French President Emmanuel Macron has made headlines for his proactive attitude in fighting against climate change, including his push back against Brazilian President Jair Bolsonaro for failing to contain forest fires in the Amazon. Recent reports have shown, however, that France hasn’t been very good at curbing pollution in its own home.
An October 24th ruling from the European Court of Justice found that the country has “systematically and persistently exceeded the annual limit value for nitrogen dioxide since January 1st, 2010”. The case was first brought to court last year due to concern over the violation of limits on nitrogen oxide and particulate matter, which are mostly caused by diesel-engine traffic, industry, heating, and agriculture.
Back in July, France began banning use of old diesel cars in Paris during weekdays, with plans to prohibit all diesel vehicles in the capital by 2024. This move, however, was simply too little, too late. “France did not implement appropriate and effective measures to ensure that the exceedance period of nitrogen dioxide limit values would be kept as short as possible within the meaning” of EU law, the court said.
Ecology Minister Elisabeth Borne responded to the ruling in a statement saying that “the government is determined to quickly and lastingly improve air quality”, and is launching an “unprecedented effort” to subsidise the purchase of electric and hydrogen vehicles, and buy new cars in exchange for scrapping old ones.
Up for debate is a new “mobility law” that would assist in further restricting a majority of vehicles from entire swathes of urban environments, boosting incentives for ride-sharing and biking, enforcing controls of cars, and reducing emissions of ships in port.
If France doesn’t improve quickly and successfully, they’ll be slapped with fines from the European Commission. The ruling is the third condemnation against an EU member, alongside Bulgaria and Poland, and is meant to scare other under-achieving states like Germany, Italy, and the UK. This move is part of a wider range of EU actions against countries lagging in their compliance with air quality standards. The ECJ verdict shows how difficult governments find it to employ tactics that will cut emissions and curb pollution, despite Europe’s stated intents to do so.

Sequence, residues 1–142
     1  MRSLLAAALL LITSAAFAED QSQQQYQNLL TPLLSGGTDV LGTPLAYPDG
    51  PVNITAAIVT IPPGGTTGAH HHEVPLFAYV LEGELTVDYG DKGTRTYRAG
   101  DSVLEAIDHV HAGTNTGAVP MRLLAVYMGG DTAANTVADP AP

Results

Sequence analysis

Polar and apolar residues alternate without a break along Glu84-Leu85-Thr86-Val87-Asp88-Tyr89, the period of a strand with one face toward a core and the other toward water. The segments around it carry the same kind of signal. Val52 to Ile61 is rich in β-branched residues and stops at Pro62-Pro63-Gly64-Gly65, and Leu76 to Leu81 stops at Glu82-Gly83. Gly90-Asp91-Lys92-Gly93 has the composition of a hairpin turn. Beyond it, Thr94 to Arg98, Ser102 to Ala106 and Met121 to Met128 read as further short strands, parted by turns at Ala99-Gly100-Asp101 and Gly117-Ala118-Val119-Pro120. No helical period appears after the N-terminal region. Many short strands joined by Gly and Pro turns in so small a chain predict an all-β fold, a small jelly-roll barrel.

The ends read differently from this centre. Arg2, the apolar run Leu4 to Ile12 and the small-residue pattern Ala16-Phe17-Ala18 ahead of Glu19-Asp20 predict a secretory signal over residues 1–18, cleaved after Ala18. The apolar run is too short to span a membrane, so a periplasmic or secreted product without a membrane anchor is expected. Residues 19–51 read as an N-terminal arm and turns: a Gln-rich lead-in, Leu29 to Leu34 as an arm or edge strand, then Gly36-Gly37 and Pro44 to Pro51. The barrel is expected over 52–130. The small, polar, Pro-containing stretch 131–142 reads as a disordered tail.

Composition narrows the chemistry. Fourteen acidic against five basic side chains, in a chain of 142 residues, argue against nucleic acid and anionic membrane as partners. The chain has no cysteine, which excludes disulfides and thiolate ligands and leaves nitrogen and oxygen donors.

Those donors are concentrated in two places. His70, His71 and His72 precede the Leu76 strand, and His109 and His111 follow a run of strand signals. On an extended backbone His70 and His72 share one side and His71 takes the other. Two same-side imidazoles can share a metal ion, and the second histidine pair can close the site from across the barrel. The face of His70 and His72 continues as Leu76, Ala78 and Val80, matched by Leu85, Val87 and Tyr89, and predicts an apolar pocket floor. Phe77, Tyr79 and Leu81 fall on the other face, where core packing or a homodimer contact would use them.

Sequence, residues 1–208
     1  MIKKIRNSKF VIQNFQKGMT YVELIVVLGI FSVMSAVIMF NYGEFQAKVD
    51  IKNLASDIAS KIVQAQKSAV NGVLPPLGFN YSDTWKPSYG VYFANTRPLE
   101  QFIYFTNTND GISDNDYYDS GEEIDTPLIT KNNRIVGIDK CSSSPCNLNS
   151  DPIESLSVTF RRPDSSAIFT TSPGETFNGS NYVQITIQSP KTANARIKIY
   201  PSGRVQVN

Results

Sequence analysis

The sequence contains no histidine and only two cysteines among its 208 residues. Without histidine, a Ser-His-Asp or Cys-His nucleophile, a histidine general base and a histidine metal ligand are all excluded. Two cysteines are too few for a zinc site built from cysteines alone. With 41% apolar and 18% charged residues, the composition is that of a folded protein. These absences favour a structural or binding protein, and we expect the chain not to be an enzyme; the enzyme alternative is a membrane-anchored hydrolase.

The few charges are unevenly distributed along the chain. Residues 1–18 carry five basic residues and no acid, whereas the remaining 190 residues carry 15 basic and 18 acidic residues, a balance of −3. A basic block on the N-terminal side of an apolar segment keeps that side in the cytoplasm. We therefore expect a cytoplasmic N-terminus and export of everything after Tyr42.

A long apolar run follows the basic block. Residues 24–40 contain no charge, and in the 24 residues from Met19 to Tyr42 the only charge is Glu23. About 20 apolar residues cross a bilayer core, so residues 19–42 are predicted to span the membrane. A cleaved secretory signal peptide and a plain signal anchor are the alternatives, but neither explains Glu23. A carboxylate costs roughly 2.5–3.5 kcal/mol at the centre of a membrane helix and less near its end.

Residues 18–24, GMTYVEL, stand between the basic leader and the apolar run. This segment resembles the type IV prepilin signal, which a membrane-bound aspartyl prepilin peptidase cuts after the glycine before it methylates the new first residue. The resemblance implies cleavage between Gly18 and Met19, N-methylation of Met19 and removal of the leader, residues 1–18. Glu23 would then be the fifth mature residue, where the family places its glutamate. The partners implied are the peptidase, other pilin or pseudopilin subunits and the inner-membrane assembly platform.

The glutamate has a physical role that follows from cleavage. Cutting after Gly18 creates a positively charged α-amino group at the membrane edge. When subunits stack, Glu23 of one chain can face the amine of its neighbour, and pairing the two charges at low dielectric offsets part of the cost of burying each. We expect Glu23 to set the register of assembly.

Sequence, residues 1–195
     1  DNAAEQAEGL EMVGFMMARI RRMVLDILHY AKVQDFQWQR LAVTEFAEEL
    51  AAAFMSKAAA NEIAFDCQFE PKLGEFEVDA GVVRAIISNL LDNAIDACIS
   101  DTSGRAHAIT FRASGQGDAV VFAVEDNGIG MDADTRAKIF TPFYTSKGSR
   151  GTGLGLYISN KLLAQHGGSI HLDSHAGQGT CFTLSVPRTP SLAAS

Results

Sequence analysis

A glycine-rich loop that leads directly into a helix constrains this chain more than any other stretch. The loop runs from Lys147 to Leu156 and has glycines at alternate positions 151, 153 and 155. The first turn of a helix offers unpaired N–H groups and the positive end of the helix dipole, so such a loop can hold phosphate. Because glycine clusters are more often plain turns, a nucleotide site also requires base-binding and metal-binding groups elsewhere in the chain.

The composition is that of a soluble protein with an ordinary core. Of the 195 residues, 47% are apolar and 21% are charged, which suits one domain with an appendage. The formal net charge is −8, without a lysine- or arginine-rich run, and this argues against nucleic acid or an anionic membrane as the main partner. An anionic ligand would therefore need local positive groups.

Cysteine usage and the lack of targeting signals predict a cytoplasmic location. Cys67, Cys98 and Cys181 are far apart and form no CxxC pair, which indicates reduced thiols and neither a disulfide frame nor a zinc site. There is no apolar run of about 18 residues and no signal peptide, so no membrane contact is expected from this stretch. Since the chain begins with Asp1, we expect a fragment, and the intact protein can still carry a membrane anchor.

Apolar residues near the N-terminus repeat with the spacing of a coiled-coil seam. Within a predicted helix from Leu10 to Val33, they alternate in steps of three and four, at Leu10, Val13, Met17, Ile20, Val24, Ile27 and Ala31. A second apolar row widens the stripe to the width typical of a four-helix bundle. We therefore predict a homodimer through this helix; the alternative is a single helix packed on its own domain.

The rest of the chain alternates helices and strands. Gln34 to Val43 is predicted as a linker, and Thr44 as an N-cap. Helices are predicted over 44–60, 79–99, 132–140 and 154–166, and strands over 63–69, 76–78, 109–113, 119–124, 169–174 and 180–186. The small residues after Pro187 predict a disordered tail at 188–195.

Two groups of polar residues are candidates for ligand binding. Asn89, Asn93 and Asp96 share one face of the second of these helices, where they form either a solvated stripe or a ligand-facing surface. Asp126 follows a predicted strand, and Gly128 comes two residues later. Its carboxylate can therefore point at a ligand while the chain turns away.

Meanwhile, Germany, Italy, Hungary, Romania, and the UK are currently facing legal action for their own emission issues. Germany, Italy, and Luxembourg are also embattled in cases brought against them for allowing car manufacturers to tinker with their emissions, which blew up into a major scandal known as “Dieselgate” back in 2015.
It’s Not Just Cars
With maritime transport actively contributing as a source of pollution and accounting for more than 2.3 percent of total global emissions, many believe that shipowners must get in on the Clean Air Act. In response, the International Maritime Organisation (IMO) is mulling over several options to replace the heavy fuel oil used in over 60,000 vessels, including shipping tankers.
Companies are pushing for the development of new ships that run on natural gas, which will allow for less pollution, but will demand updated, suitable storage facilities and all-new engines. The French maritime sector in particular has also opted to reduce ships’ speed in order to lower fuel consumption – if a ship decreases its speed from 12 knots to 10, its use of petroleum lessens by 30 percent. Some are reluctant, however, claiming that a reduction in speed will create a need for more ships and that the lengthened voyage will lend to increased storage time and add costs for customers downstream.
Meanwhile, cruise ship operators have come together in an agreement called “Blue Charter” to implement pollution-reducing measures. One such move includes hooking ships up to the local power grid instead of keeping their engines running during stopovers, which will curb fuel use.